The Chairperson responded that issue raised was not for the Committee’s benefit but rather parliament as whole and the question of how to deal with the budget.

Mr Mackay said the budget could be rejected.

Mr van Delan stated that once the budget has been received it could be moved around the Department but it could not be made more or less. Should the budget be moved from one program to the other and that program does not reach its targets, blame is inherent. 

The Chairperson said the law allows parliament to change and reject the budget if it wants to as Mr Mackay has suggested.

Mr Mackay said NEDI has an energy efficiency Department, should they not be considered the energy champions and fund appropriately to perform such a mandate 

Ms Mahambehlala replied that the establishment of a new energy efficiency champion was important as the previous champion had already been given a chance and failed to deliver on the targets.

The Chairperson said there were key issues the Committee still needed to apply their minds to, the budget reduction on clean energy and what needed to be done with the energy efficiency champion. There were reports in the past on who the energy efficiency champion should be. He heard there was an embargo on the 5 point plan, what was going to be done in the plan?

Mr Mackay said it was going to be a very short discussion.

Ms Mahambehlala said the Committee did not even know what the 5 point plan was.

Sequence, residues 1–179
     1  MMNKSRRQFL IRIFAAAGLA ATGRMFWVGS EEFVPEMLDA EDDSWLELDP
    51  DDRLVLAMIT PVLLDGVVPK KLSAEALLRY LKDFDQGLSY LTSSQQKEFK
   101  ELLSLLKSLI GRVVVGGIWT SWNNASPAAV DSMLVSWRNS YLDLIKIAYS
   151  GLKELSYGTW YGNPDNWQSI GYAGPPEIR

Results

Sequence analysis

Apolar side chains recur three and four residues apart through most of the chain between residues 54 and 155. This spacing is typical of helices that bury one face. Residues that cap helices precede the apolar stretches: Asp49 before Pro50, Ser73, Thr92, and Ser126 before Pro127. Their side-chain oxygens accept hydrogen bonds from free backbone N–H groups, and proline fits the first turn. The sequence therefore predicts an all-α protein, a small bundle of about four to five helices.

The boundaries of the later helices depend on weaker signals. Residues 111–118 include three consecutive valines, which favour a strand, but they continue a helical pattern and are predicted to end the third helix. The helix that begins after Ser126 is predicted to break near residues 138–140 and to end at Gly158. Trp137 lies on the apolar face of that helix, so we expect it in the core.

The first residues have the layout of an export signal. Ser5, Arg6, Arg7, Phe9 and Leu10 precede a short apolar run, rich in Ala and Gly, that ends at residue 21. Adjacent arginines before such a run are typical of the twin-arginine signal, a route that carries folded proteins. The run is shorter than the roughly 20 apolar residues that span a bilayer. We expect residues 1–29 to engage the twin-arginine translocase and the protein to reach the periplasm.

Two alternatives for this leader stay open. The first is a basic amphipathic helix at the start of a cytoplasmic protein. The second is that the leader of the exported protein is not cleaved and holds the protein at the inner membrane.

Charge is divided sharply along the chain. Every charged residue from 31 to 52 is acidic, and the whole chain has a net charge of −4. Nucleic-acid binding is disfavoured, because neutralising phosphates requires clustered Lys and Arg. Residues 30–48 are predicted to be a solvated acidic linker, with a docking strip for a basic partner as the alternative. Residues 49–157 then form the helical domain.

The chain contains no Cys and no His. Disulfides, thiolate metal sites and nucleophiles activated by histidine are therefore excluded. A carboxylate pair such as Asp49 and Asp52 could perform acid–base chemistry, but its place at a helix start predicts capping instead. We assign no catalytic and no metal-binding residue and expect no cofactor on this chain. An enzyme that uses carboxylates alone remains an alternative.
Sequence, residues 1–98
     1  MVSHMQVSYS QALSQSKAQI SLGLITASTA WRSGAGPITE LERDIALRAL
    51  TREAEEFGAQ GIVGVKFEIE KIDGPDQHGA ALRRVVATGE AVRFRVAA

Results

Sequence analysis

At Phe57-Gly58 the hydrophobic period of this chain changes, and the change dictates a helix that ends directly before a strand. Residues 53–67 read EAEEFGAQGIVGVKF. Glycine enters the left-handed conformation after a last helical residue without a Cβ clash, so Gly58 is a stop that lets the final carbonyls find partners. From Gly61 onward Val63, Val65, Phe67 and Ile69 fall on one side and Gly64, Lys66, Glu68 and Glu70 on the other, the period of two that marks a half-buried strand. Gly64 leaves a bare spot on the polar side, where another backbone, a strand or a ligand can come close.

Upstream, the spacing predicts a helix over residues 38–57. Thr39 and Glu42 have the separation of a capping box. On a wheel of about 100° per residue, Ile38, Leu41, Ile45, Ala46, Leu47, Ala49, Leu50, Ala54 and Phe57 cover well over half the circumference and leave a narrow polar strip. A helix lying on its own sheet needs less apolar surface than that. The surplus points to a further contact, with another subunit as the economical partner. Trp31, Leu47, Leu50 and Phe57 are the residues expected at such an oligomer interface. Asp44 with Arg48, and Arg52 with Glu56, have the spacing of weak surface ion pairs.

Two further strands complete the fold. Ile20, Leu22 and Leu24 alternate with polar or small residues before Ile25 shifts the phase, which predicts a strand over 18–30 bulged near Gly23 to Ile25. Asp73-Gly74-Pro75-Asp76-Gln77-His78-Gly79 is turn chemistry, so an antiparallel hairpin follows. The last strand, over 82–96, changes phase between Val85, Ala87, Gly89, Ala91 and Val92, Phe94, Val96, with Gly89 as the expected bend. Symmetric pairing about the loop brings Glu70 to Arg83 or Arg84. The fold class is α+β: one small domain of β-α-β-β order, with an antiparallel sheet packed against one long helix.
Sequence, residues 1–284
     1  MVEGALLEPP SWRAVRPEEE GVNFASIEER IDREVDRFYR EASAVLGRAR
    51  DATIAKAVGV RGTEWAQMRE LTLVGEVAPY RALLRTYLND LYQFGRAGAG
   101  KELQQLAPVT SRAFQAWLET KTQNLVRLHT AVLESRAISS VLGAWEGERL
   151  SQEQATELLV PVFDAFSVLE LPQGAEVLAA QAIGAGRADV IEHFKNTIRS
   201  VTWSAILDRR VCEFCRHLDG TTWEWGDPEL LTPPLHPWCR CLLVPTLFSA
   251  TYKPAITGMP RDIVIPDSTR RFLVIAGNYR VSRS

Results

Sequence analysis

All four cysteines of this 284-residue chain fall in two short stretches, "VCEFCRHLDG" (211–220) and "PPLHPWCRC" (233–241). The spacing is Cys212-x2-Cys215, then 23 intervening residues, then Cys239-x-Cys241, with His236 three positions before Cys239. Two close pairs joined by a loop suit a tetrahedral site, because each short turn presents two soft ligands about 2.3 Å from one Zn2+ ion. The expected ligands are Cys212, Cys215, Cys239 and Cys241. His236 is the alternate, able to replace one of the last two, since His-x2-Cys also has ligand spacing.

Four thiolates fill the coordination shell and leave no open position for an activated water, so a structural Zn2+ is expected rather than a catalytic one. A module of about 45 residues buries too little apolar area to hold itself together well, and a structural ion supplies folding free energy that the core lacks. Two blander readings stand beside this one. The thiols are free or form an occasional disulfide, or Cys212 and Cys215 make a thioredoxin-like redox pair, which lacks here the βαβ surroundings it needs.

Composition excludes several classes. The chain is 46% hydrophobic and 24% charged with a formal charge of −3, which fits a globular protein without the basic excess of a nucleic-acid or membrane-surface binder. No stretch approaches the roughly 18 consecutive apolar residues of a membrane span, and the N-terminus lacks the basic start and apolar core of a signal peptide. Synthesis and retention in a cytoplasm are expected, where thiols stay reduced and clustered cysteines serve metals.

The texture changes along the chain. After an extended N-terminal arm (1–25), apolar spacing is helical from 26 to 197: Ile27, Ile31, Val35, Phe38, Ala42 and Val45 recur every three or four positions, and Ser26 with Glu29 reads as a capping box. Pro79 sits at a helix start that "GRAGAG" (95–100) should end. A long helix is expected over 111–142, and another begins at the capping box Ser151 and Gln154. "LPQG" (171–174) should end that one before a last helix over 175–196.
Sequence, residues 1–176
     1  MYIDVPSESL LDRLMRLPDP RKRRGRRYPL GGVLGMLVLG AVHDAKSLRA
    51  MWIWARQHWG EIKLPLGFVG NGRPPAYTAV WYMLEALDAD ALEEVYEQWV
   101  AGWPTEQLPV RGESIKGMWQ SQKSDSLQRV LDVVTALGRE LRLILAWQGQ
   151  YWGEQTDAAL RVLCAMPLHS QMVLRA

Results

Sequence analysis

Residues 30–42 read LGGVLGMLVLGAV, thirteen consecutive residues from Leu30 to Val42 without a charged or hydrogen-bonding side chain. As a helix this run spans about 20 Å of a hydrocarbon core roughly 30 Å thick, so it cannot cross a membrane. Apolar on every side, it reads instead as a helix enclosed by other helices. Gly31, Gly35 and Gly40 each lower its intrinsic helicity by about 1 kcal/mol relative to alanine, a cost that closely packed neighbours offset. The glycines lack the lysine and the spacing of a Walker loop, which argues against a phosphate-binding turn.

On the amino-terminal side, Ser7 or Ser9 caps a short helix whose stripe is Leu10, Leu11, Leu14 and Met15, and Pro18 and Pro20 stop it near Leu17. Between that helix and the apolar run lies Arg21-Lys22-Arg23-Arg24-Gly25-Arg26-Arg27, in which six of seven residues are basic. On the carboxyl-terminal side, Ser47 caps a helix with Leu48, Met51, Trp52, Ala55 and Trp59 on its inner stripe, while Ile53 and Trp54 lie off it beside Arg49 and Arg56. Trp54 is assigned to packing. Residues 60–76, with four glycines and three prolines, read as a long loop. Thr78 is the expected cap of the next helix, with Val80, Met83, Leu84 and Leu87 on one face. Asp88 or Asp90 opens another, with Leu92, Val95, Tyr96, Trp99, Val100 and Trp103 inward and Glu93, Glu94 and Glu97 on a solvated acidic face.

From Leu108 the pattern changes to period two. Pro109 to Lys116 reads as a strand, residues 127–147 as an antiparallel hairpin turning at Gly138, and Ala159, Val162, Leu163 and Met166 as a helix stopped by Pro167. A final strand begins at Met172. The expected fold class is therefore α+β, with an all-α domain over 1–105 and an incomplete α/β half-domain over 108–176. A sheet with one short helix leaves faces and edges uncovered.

The Chairperson responded that the embargo on the 5 point plan would be lifted by those who placed it.

Mr Mackay stated that the 5 point plan and the budget of the Department were not aligned.

The Chairperson replied that they will not be aligned because that was not the Committee’s plan.

Mr Mackay said the budget should be a priority. The budget should be here and the 5 point plan here, the gap between the two where is it going to come from?

The Chairperson asked if the alignment of the 5 point plan and the budget could be discussed on the next meeting when the Department was present and could explain. Assuming there were three questions not yet finalised, could the Committee proceed? Was that a report that the Committee was prepared to advance with for the week after next.

Mr Mackay responded that the Committee could not bind itself. The working document covered a lot of the key issues. The document could be ready be ready for adoption if a few of the discussion on what was discussed could be added. The Committee reserved its right like it did on the previous report.